Moulton Lava

Moultonic Musings

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Location: New England, United States

Saturday, April 29, 2006

Fact, Fancy, and Fiction

Last week, while doing some literary research on elements of the Harry Potter stories, I noted that some of the magical objects in those stories are inspired by analogs from the real world.

For example, there really was an historical figure named Nicholas Flamel, an Alchemist who sought to create the Philosopher's Stone and the Elixir of Life.

Similarly, there really are such things as Bezoars, and they may well have some ability to neutralize arsenic poisoning in drinks.

Another curious idea, with some plausible basis in science, has found itself into storylines on X-Files and CSI. And this one also involves a potter, with a lower-case 'p'. When a potter tools a pot on the potter's wheel, the grooves made by the potter's tool are a little bit like the grooves on a phonograph record. To the extent they can be 'played back' as sound, one mostly recovers the hum of the spinning wheel, much like the unwanted 'wow and flutter' on a vinyl phonograph record.

This observation has led some screenwriters to posit that the potter's trowel could have picked up other sounds and transcribed them onto the clay, something like a faint audio print.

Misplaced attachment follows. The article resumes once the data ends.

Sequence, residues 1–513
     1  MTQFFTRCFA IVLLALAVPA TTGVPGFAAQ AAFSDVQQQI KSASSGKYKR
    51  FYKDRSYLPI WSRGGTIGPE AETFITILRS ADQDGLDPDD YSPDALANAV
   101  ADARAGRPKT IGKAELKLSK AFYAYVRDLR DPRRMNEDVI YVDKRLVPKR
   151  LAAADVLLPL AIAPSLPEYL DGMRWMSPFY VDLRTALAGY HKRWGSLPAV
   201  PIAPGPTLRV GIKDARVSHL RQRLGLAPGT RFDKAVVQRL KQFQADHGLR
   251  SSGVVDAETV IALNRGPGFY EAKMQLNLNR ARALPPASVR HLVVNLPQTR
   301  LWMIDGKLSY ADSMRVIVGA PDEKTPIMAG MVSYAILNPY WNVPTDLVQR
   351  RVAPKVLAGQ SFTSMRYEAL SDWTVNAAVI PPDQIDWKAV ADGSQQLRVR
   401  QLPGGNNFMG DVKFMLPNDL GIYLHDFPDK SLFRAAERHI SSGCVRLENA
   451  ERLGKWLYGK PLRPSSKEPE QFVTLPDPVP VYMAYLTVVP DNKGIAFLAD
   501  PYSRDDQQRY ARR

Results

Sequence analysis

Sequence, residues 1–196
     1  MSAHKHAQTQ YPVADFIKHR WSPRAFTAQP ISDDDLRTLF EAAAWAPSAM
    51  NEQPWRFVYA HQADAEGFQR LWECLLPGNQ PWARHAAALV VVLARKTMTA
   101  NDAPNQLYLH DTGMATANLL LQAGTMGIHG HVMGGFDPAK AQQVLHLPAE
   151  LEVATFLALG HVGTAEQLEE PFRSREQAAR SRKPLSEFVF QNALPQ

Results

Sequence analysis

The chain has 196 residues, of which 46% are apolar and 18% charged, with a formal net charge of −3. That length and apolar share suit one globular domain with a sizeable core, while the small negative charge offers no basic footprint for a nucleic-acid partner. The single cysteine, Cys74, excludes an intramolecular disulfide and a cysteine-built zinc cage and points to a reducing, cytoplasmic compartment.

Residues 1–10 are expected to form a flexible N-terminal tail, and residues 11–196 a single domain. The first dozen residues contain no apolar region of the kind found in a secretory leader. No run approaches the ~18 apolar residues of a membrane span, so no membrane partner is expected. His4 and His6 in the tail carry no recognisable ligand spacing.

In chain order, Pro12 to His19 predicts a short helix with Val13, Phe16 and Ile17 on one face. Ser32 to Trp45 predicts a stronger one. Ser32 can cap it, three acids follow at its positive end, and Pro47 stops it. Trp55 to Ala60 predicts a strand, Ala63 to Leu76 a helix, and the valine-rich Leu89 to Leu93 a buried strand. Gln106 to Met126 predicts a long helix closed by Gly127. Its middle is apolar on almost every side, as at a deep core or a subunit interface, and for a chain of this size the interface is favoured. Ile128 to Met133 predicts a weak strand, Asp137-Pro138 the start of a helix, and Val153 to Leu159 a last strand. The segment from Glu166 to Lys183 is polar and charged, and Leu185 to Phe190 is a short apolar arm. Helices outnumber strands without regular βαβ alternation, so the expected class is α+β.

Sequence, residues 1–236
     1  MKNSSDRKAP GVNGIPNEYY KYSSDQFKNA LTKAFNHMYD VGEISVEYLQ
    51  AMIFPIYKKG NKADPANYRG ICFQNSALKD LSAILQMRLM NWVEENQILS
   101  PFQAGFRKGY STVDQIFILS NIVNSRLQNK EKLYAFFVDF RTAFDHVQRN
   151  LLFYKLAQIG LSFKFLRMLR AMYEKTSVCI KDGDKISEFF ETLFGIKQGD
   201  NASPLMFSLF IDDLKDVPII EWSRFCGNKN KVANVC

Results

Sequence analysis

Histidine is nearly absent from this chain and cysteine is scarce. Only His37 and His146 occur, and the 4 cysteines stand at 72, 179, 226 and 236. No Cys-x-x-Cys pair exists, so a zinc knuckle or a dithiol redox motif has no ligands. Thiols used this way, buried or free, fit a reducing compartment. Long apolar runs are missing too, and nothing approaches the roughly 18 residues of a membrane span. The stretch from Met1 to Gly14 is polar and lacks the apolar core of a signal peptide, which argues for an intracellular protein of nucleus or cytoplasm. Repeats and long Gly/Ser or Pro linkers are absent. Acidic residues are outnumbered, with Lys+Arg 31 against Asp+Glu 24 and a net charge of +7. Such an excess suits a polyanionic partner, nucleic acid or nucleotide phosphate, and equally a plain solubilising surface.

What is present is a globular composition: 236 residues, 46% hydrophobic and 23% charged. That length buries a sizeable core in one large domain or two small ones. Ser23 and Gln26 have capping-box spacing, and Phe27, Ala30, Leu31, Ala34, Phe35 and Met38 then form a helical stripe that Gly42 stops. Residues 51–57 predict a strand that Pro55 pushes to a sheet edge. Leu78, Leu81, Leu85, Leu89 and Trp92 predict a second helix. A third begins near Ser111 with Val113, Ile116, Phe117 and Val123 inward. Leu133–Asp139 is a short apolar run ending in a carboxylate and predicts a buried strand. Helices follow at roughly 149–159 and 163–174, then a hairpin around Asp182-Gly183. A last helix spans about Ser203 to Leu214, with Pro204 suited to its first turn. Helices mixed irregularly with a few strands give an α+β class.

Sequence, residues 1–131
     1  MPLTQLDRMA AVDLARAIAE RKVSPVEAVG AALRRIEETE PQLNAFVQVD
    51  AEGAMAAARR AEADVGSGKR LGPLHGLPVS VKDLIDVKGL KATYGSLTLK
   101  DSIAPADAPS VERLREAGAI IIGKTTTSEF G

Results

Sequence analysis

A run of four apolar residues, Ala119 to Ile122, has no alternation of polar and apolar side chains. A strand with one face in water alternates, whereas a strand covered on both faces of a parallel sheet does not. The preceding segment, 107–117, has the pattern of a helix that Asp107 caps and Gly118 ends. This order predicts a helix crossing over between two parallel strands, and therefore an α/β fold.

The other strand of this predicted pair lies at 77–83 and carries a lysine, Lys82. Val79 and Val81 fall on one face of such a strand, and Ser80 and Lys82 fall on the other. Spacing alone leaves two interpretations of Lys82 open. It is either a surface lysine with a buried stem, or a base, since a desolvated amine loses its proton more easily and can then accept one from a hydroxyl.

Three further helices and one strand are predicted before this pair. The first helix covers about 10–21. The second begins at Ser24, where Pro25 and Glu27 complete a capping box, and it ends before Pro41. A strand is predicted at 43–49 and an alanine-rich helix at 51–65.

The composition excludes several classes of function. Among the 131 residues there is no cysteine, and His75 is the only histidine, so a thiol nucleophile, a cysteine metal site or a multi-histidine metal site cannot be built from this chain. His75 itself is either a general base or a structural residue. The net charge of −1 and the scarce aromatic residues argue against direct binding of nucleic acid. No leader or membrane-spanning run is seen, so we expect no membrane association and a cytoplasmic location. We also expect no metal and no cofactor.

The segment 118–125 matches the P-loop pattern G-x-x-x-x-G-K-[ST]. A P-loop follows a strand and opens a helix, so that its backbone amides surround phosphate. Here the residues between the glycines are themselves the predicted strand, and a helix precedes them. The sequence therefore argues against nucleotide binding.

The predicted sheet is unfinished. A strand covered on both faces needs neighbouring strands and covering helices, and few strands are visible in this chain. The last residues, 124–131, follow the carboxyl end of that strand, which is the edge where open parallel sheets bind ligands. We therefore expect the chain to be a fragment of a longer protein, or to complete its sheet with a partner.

This is such a good story thread that it went beyond the screenwriter's fancy to become an April Fool's Hoax that circulated for a while as a demonstrated achievement in the forensic recovery of fragments of audible speech.

Tuesday, April 11, 2006

InterTroll Anonymous

InterTroll Anonymous (ITA) is a reference to a growing practice of setting up forums, blogs, and other sites where anonymous SuperTrolls are free to gin up and publish scandalous attacks on randomly chosen targets. It's a game that more and more anonymous trollers are engaging in, perhaps for the thrill of the chase.

Friday, April 07, 2006

Revisionist Bible Stories

Between modern day blockbuster novels like The DaVinci Code and the recently translated Gnostic Coptic texts like The Gospel of Judas, biblical era storytelling is enjoying a dramatic resurgence.

These revisionist stories provide some intriguing insight into how cultural beliefs (including myths) are crafted, how they grab the spotlight, and how they become sorted out.

There is a curious (if inexact) parallel between the Judas Story and late-breaking news in the case of Scooter Libby. The parallel has to do with the phenomenon of self-betrayal. In The Gospel of Judas, we learn that Jesus recruited Judas to betray him, for the sake of the story. There is also a fictional variant (similar to The DaVinci Code) suggesting that Judas fingered someone other than Jesus to go before Pontius Pilate, thereby letting the real Jesus get away.

These alternative plot lines say more about the art of storycraft than they do about historical events, but they also highlight the subtlety of betrayal and self-betrayal in current events having to do with stories surrounding leaks of concocted national security estimates that serve to sway public opinion about WMDs in Iraq.

Perhaps the deeper story is that propaganda eventually betrays itself.